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New West Daily Roundup for Oct. 26, 2016

Today in New West news: new terminal announced for Missoula International Airport, the economic impact of Colorado marijuana, and Auric Solar donates solar panel system to Utah’s largest women’s shelter.

Although Missoula is hailed as a city on the rise in Montana, when it comes to airline travel, it lags behind cities like Bozeman and Billings. Not in the amount of flights. Rather, Missoula lags because, on the whole, it costs more to fly out of there, frustrating tech companies that depend on steady airline travel for business.

Earlier this summer, we reported Missoula International Airport would receive a $600,000 grant from the Small Community Air Service Development Program through the U.S. Department of Transportation, which airport officials say will go toward attracting airlines like United. Now, according to the Missoulian, plans have been announced to build a new terminal, slated to open by 2021:

Plans for a new terminal have been in the works for several years to accommodate rapidly increasing passenger numbers, and airport officials are embarking on an ambitious project that could cost as much as $42 million. The funding will not come from taxpayers, but rather from the Federal Aviation Administration, airport user fees and other sources.

The preferred alternative plan laid out at the monthly meeting of the Missoula Airport Authority board of commissioners – which unanimously approved the plan – shows a building that would be three stories, including a basement level, for a total of 175,465 square feet.

The existing building is 128,921 square feet. The project would be built in phases so as not to disrupt passengers and concessionaires. By the time everything is finished, there would be a passenger screening area that is twice the size of the current one, with four lanes rather than three.

There would also be a new ticketing area, a new upstairs lobby with an atrium and large waiting rooms, more space for restaurants, and eight airplane gates. There are four airplane parking positions right now.

[…]

Cris Jensen, the airport’s director, also announced that he and senior management went on a business trip recently and met with leaders for both American Airlines and Southwest Airlines, two carriers that don’t currently operate out of Missoula but serve a wide variety of destinations.

“Both meetings were positive and there’s certainly reason to be optimistic,” he said. “There is no impending announcement, but we’re going to continue those discussions.”

Jensen said that the airport board has had four work sessions to choose a plan that causes as little disruption to passengers and airlines as possible, but also allows the airport to grow without taking up too much parking or “airside” space that’s used for airline operations.

“It was a great concept that you all came up with and we’re excited about the path forward,” he told the architects. “We’re ready to take that next step.”

Down in Colorado, since Amendment 64 passed in 2012, and since legalization went into effect January 2014, marijuana has become big business, bringing in a ton in tax revenue. But how much, exactly? How big is Colorado marijuana? According to the Denver Post, it’s a “behemoth,” to put it mildly:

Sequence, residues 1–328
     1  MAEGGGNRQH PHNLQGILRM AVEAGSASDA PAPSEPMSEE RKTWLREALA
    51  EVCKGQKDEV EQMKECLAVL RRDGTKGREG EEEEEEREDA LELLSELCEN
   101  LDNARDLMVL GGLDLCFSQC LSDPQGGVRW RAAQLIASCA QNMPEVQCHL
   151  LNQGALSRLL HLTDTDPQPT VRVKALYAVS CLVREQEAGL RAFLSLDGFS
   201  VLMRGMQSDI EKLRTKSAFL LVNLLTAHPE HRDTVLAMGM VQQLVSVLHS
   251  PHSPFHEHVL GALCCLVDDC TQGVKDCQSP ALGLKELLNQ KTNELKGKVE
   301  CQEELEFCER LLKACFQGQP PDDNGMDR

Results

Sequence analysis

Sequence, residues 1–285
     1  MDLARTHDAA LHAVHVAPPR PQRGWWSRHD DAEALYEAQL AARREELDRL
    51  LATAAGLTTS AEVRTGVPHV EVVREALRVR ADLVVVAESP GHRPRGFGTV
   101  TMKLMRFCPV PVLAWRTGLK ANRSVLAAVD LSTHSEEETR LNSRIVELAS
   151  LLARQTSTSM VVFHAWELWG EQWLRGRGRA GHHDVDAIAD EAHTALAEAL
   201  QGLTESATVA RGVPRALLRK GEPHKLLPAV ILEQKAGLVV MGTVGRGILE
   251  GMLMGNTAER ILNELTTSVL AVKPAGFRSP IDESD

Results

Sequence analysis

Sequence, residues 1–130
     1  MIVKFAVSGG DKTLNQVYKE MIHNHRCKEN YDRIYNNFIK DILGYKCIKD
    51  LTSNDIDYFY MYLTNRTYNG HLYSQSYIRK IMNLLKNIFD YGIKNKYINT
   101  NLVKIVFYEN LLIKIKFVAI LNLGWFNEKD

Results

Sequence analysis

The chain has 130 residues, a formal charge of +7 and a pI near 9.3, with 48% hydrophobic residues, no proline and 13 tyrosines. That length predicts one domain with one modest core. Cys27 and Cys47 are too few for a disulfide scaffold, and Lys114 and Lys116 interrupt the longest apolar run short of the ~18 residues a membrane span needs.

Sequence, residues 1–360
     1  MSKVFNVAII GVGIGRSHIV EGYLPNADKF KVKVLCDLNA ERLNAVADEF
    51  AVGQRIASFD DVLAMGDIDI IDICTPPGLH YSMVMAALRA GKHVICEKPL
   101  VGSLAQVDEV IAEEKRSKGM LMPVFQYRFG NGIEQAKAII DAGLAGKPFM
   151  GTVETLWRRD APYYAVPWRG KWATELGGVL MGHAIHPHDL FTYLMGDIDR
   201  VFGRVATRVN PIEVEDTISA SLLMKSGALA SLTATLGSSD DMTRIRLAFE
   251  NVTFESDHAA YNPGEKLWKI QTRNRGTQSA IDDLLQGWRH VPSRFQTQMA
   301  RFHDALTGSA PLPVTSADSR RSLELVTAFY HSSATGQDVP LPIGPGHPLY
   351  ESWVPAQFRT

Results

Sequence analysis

Colorado’s burgeoning legal marijuana industry has quickly made gains on the state’s largest industries — including the mighty oil-and-gas sector — and contributed an economic impact of $2.39 billion in 2015, according to research released Tuesday.

The cannabis industry, the fastest-growing business sector in the state, also is credited with funding 18,005 direct and ancillary full-time jobs in 2015, according to the report from the Marijuana Policy Group, a Denver-based economic and market research firm that consults with businesses and governments on marijuana policy.

MPG, which was founded by researchers from BBC Research & Consulting and the University of Colorado but is unaffiliated with those entities, developed a “marijuana impact model” to show how legalization affects the state economy in the areas of output, tax revenue, GDP and employment.

Courtesy of Auric Solar
Courtesy of Auric Solar

Finally, over in Utah, Auric Solar has announced it is donating a $200,000 solar panel system to the state’s largest women’s shelter—the YWCA. The 53.6 kilowatt system will save the organization over $160,000 over the next 25 years, according to an Auric press release:

The YWCA is Utah’s oldest, largest, and most comprehensive provider of shelter, transitional housing, education, and supportive services for women and children who have experienced family violence. The new rooftop solar panel system will be on the organization’s Kathleen Robison Huntsman Residence, offsetting a third of the building’s electricity needs.

“Solar power really is the gift that keeps on giving,” YWCA Chief Development Officer Amberlie Phillips said. “By donating this solar power system, Auric Solar is helping the YWCA save money every month on our power bill, which will be used to provide life-saving services to women and children living at the YWCA.”

The donation is the first of Auric Solar’s Buy Solar. Give Solar program. For every 100 kilowatts (kW) installed commercially and residentially, Auric donates 1kW toward a free solar system to a deserving organization. The program is part of Echo, Auric’s corporate responsibility initiative committed to creating powerful solutions for the community, people, and the planet.

“YWCA Utah has a track record of success helping the community, and their inspiring commitment to serving people will have a ripple effect for generations,” said Auric Solar Co-Owner Jess Phillips. “That commitment aligns perfectly with what Auric Solar is about and who we strive to be.”

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